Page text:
September 26, 2010 | David F. Coppedge

Ethics Shmethics: Scientists Obsessed with Embryonic Stem Cells

With non-controversial adult stem cell research zooming along, like finding ways to prevent adult stem cells (ASC) from aging (PhysOrg), providing hope for leukemia patients (Science Daily) and giving mastectomy patients a chance for beauty once again (Science Daily), why are so many scientists adamant about keeping embryonic stem cell research on the public dole?
    The scientists who were in despair about Judge Lamberth’s ruling earlier this month against federal funding (see 09/03/2010) got their reprieve: an appeals court granted a temporary stay (PhysOrg).  But now, scientists are urging Congress to make a law protecting embryonic stem cell (ESC) research.  They have allies on Capitol Hill.  PhysOrg reported about Senators Arlen Specter and Tom Harkin urged their fellow Senators to get busy and fight for the right of scientists to bleed taxpayer dollars for their pet projects.  “We’ve come too far to give up now,” Harkin said, pointing to the more than $500 million already spent on ESC research.  One scientist defended it with worries about prestige, worried that courts are “disrupting our research, they are dissuading scientists from entering the field and they are threatening American preeminence in the research” which has yet to produce a cure.  “Embryonic stem cells have the potential to be turned into different kinds of tissue that could be used to regenerate and repair tissue and treat a host of diseases,” the article said.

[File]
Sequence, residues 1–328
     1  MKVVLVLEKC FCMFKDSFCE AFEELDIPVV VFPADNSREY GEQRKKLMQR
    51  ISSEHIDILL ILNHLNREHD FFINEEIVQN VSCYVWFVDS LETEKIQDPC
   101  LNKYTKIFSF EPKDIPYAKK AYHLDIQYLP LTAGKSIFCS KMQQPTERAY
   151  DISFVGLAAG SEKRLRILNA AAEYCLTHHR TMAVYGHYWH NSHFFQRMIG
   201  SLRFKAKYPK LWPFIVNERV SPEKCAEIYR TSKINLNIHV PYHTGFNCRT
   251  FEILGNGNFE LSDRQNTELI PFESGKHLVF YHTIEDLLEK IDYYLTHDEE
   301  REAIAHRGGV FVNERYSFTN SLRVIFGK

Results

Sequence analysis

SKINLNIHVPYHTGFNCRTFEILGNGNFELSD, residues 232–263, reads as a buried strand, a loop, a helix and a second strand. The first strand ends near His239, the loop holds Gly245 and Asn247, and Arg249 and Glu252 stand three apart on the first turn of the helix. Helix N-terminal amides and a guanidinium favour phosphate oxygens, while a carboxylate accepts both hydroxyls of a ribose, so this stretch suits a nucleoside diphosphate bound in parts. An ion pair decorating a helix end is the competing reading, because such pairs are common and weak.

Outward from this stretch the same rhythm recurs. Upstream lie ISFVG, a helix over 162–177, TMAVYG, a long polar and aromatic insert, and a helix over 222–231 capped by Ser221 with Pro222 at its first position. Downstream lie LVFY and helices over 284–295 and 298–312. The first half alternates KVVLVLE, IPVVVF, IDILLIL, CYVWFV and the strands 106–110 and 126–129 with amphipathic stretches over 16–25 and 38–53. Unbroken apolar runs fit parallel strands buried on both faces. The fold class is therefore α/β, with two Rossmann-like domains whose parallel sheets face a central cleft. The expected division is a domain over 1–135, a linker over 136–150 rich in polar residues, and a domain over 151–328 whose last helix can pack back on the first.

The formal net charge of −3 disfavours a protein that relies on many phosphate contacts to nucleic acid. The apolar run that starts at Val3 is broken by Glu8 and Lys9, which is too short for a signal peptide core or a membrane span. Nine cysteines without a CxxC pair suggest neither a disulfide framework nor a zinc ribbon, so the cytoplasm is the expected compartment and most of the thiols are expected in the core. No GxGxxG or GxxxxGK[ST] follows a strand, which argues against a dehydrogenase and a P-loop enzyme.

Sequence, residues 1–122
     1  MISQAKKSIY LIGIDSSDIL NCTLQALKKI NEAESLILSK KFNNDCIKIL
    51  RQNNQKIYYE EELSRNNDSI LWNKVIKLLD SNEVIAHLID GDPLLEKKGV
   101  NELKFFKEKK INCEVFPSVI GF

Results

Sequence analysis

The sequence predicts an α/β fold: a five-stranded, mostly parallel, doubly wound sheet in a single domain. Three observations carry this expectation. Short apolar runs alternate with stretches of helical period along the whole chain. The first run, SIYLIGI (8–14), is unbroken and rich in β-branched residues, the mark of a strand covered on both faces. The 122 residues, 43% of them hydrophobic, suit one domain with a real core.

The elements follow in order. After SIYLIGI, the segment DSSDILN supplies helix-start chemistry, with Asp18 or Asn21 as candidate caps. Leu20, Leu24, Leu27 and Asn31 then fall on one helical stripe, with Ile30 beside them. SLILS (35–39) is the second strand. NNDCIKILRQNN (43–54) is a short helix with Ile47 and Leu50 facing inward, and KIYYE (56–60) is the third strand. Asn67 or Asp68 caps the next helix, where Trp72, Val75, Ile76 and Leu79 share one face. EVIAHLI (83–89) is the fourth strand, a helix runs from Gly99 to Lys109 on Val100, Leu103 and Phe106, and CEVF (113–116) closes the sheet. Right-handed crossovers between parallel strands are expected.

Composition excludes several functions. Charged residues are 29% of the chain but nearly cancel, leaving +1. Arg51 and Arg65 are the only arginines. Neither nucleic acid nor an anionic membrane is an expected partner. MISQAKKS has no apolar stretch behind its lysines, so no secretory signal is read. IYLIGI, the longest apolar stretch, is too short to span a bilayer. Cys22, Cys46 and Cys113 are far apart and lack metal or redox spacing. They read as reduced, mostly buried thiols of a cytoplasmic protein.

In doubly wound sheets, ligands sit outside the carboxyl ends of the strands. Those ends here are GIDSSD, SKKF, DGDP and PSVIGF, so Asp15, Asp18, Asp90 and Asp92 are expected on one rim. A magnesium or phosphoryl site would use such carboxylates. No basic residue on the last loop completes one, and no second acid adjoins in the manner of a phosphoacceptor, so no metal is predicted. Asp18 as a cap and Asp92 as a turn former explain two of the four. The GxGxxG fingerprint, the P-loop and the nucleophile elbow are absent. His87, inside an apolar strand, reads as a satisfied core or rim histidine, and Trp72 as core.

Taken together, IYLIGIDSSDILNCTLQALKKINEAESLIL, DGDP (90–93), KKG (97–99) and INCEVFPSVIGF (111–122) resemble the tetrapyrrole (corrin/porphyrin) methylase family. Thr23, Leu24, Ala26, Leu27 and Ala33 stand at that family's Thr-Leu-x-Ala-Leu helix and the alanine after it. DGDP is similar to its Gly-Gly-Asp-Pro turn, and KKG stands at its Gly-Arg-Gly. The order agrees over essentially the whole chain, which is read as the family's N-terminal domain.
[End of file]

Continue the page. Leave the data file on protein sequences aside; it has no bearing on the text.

The article then mentioned the dark side: “Opponents say the research is another form of abortion because human embryos must be destroyed to obtain the stem cells.”  Senator Roger Wicker (R-Miss), co-author of the 1996 Dickey-Wicker amendment that prohibited federal funding for projects that result in the death of human embryos, argued for using adult stem cells to avoid the “ethical challenges” of ESC.  That law has hampered ESC-eager researchers, because they can only “work with stem cells after private money is used to cull them from embryos.”  Inconvenient as that may be, why should taxpayer dollars be spent on anything that is ethically controversial?  Is there some constitutional right to ESC?     A feel for the emotional state of some ESC researchers can be seen in the Sept 16 issue of Nature.  It prominently featured a study that suggested some adult stem cells may have “troublesome memories” of their non-embryonic origin, presumably making them less useful than true pluripotent stem cells like ELS.  Nature News described scientists in near frantic terms as they strive to get Congress to keep the taxpayer funds flowing, protected from judicial decisions which, presumably, would be based on ethical concerns.  The article said nothing about ethics, only mentioning once “the controversial human cells” at stake in the political battle.